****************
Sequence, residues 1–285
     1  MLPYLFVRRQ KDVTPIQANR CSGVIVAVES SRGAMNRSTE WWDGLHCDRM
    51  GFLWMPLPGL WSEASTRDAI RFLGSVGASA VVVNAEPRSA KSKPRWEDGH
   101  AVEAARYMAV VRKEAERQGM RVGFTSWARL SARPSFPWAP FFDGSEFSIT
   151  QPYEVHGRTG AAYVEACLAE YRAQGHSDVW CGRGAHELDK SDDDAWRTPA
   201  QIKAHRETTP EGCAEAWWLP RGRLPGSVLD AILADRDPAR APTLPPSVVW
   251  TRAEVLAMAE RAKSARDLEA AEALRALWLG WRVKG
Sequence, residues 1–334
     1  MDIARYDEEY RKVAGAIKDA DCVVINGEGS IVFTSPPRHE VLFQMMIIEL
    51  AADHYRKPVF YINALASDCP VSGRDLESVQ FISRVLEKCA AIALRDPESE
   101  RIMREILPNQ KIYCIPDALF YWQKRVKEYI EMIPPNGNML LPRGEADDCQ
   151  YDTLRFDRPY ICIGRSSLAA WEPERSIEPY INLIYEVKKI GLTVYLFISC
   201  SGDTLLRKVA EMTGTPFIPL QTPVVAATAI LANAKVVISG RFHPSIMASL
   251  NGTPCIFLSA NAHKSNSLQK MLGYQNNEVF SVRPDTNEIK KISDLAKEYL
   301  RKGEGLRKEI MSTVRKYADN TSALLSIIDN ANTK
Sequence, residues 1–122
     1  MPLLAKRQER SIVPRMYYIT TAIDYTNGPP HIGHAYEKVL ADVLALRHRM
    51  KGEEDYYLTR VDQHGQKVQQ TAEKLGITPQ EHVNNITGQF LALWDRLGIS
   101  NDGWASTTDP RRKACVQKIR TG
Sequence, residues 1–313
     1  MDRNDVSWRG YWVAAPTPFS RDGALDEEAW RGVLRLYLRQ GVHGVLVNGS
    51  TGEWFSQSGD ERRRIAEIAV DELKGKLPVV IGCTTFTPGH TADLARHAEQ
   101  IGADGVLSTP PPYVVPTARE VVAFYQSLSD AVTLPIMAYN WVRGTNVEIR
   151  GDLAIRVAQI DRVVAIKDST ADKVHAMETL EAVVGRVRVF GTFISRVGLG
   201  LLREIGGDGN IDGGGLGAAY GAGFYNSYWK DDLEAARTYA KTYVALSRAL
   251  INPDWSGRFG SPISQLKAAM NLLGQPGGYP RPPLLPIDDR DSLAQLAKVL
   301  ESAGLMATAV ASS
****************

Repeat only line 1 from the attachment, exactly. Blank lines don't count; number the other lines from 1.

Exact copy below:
Sequence, residues 1–285